ORLANDO – The city of Orlando is discussing with the owners of the Pulse nightclub the possibility of buying the property and turning the site of the deadliest massacre in modern U.S. history into a memorial, spokeswomen for both parties said Wednesday.
Barbara Poma and Mayor Buddy Dyer spoke about the possibility a few weeks ago, Sara Brady, a spokeswoman for Poma told CNN.
In an interview aired Tuesday on WMFE radio, Dyer said, “We need to determine some period of time that we leave it exactly as is with some adequate fencing because there will be people … that want to travel here to see it as it exists without making modifications.”
Dyer imagined that period of time would be about a year and then the city would “transition to a permanent memorial.”
Brady said Wednesday the discussions were preliminary.
A spokeswoman for the mayor said it is up to Poma on how to proceed and there is no rush to purchase the club, where 49 people were killed by a gunman June 12. More than 50 other people were wounded. The gunman was also killed.
Cassandra Lafser said if the city does buy the Pulse property it must go through a public process.
The nightclub was recently returned to Poma after being in police hands for weeks. Poma hasn’t reopened the club, saying she was contemplating the future of the club. Before that, she had said she thought she would fix the damage to Pulse and reopen it at some point.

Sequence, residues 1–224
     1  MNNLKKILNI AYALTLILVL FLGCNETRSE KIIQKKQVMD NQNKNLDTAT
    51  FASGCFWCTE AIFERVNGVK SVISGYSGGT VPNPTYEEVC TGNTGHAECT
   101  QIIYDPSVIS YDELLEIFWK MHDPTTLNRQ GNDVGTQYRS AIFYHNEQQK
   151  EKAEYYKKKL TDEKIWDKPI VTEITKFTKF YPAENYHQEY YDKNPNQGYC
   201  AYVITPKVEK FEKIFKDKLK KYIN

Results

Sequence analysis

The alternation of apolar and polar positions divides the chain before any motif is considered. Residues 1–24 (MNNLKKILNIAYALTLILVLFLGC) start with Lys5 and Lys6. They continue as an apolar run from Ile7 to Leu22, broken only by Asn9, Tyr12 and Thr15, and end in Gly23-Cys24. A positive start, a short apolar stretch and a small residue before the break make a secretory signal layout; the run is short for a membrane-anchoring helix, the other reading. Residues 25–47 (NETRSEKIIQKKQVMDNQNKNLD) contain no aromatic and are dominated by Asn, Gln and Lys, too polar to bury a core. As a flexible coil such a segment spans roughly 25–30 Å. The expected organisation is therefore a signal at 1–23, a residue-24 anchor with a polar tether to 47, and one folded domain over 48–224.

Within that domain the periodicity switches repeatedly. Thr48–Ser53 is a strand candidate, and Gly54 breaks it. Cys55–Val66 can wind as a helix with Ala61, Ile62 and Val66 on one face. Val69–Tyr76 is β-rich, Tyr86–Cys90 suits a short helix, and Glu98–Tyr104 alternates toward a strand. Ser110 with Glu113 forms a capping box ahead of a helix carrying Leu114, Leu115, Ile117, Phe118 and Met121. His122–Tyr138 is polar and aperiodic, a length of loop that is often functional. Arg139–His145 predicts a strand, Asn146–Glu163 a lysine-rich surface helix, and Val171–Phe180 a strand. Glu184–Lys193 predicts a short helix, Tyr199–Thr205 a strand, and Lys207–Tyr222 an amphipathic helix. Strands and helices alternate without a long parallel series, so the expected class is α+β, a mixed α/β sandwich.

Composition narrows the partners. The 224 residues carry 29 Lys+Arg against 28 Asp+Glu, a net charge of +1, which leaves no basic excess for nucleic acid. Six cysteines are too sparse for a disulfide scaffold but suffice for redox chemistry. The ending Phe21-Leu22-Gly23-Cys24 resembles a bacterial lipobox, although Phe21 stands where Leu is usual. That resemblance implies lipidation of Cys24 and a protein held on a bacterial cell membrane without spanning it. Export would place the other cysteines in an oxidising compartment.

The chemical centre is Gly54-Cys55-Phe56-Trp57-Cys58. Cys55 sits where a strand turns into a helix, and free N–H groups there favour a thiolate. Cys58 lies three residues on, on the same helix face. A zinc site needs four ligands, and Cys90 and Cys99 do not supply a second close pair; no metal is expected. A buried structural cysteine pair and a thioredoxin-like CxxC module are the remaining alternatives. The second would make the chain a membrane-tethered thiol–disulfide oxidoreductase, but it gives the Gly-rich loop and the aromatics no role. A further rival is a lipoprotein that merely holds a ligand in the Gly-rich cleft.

After someone broke in July 14, Poma called Pulse a “sacred place.”
Since the days following the attack, the nightclub has a chain-link fence around it that visitors have decorated with flags, flowers, mementos and messages.
The city has announced other plans to ensure the dead aren’t forgotten.
It plans a paver garden as one permanent memorial. The names of the victims will be on stones placed around Lake Beauty Park outside Orlando Regional Medical Center, where many of the wounded were treated.
The site was also home to 49 wooden crosses made by a carpenter from Illinois that were displayed outside the hospital. They are now in climate-controlled storage. The Orange County Regional History Center plans to use them and items from other temporary memorials at a permanent one, once a site has been determined.